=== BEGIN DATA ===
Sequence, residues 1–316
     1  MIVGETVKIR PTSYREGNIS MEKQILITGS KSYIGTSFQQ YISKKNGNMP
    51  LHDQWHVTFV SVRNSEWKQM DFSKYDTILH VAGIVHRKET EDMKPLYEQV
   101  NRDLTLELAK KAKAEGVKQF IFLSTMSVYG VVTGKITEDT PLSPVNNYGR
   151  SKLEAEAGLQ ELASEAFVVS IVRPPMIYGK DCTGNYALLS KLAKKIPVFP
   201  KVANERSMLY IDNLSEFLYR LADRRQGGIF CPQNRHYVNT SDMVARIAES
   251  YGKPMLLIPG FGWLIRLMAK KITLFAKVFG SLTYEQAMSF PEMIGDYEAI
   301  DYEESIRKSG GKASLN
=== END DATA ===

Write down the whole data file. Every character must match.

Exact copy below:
Sequence, residues 1–316
     1  MIVGETVKIR PTSYREGNIS MEKQILITGS KSYIGTSFQQ YISKKNGNMP
    51  LHDQWHVTFV SVRNSEWKQM DFSKYDTILH VAGIVHRKET EDMKPLYEQV
   101  NRDLTLELAK KAKAEGVKQF IFLSTMSVYG VVTGKITEDT PLSPVNNYGR
   151  SKLEAEAGLQ ELASEAFVVS IVRPPMIYGK DCTGNYALLS KLAKKIPVFP
   201  KVANERSMLY IDNLSEFLYR LADRRQGGIF CPQNRHYVNT SDMVARIAES
   251  YGKPMLLIPG FGWLIRLMAK KITLFAKVFG SLTYEQAMSF PEMIGDYEAI
   301  DYEESIRKSG GKASLN